technology, perhaps THE most important topic of the moment. Their current work in progress, Hacks and Hackers, will be an absolute must-read.

      Laura Trethewey is an environmental journalist doing very important work in the field of Ocean health and sustainability. Her collection of nonfiction essays, The Imperilled Ocean: Human Stories from a Changing Sea  was published in February 2020.

      There’s never a bad time to receive some mentorship from one of your heroes, but I have to say the timing on this was really wonderful, as I’ve been struggling with my current work-in-progress for long enough, and I’m eager to move ahead!

      A short excerpt from my manuscript in progress was recently published in the Hairstreak Butterfly Review, a journal out of Colorado College. I was lucky to get to work with  Kathryn Kuitenbrouwer  as my editor, she is positively brilliant.  Have a look!

      “Baker is blessed with an exacting eye for the disturbing and humorous detail and an ability to hear pain and sorrow, joy and delight, a #raretalent who can make you smile and cringe and think in the same sentence.”

      Thomas King, author of The Truth About Stories, Green Grass, Running Water, and Indians on Vacation

      Hay Festival, Querétaro, Mexico, and Arequipa, Peru

      In the fall of 2019 I was incredibly lucky to have been able to participate in the Hay Festival in Querétaro, Mexico and Arequipa, Peru.

      This festival, which originated in Hay on Wye, Wales, now brings writers, poets, philosophers, historians, scientists, comedians and musicians together in locations all over the world.

      My favourite opportunity in Querétaro was an afternoon spent working with local students, including the immensely talented Jumko Ogata, host of the Spanish-language podcast, Yo Soy Negra on Spotify.

      I also got to share the mainstage with Yásnaya Elena Aguilar Gil, an Ayuujk linguist from Ayutla Mixe in Oaxaca. I say “share,” but in reality I spent most of our time listening to this brilliant human who, among other things, has done some vital work on the intersections of traditional language, science, and environmental concerns.

      Secwepemc poet Garry Gottfriedson was with us for the Peru leg of the festival, hanging out with him and Cusco poet and activist Jorge Alejandro Vargas Prado  was definitely a highlight!

      Again, unsurprisingly, our conversations were primarily around language and the environment. Every night that we were in Arequipa locals gathered in the town square to protest dangerous and destructive extractive mining practices by Canadian and US companies.

      The online magazine Joyland say they are “pretty sure she’s the new master of relationship tragicomedy,” but I would argue that she may be master of endings, too. The ending to “Grey Water” is sublime. Then, there is the noxious ending to “The Honey House,” in which we see the full, delicious fury of Ember, hanging by her arms from the rafters of the waxworks, while she fucks the poor, dumb hired hand, Joe. If “the bees are getting in” only to die from the heat, and if their carcasses now litter the romance, it’s the hum of their attempt, their primal attraction to the heat of things, that signifies.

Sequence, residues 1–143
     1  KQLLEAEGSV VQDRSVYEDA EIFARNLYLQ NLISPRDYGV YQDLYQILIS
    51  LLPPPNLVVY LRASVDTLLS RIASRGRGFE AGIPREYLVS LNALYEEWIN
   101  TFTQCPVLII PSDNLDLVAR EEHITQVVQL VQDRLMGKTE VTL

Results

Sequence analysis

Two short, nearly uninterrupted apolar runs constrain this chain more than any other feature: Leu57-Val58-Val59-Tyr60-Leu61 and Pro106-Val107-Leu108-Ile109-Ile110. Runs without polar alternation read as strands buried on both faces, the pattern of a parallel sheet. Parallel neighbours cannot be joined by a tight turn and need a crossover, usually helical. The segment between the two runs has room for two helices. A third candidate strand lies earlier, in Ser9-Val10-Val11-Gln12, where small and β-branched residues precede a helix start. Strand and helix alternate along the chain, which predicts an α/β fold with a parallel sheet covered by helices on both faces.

As they seek a way out of their own very human impasses, and into the drama of life, Baker’s characters might fail, but failure never looked so sweet.

      Kathryn Kuitenbrouwer, author of All the Broken Things

      Hamilton Review of Books

      Writer-in-Residence at The Berton House, Dawson City, Yukon

      My time at the Berton House in Dawson City was incredible.

      I was the writer in residence from January to March 2019, which meant I arrived at the darkest time of the year and watched the light gradually return to the world.

      The people of Dawson City were so friendly and welcoming, making space for me at rocking winter events like the (s)hiver arts festival and Thaw Di Gras in the spring, and at the radio station, CFYT106.9FM, where I hosted a weekly show on Sunday mornings.

      It’s unlike anywhere I’ve ever been before, and perhaps even more stunning in the summer, under the midnight sun! But there was something very special about being tucked into the quiet darkness, bone-chilling cold—it made me appreciate the spring in a way I’d never experienced before.

      I’m so grateful to the people of Dawson for hosting me and the Writers’ Trust for making it happen!

      “Nevertheless, this is a satisfying read by an author whose talent is obvious in the way she succinctly sets a scene (“The morning mist is sea salt and oil slick”), in her understated humour (“Keep in mind, it’s thirty-five degrees, and I’ve had food poisoning for the last forty-eight hours. Keep it in mind, but try not to picture it”) and, as mentioned, in her pithy way of capturing our 21st-century struggles (re: video game addiction, “Good versus evil is such a comfort sometimes.”). Baker finishes Bad Endings with one question: “What now?” After reading this book, one is left with many questions and the knowledge that peace of mind lies not in the answers, but in the act of questioning itself. “

      Susan Sanford Blades, author of the novel Fake It So Real and Winner of the 2021 ReLit Award

      Malahat Review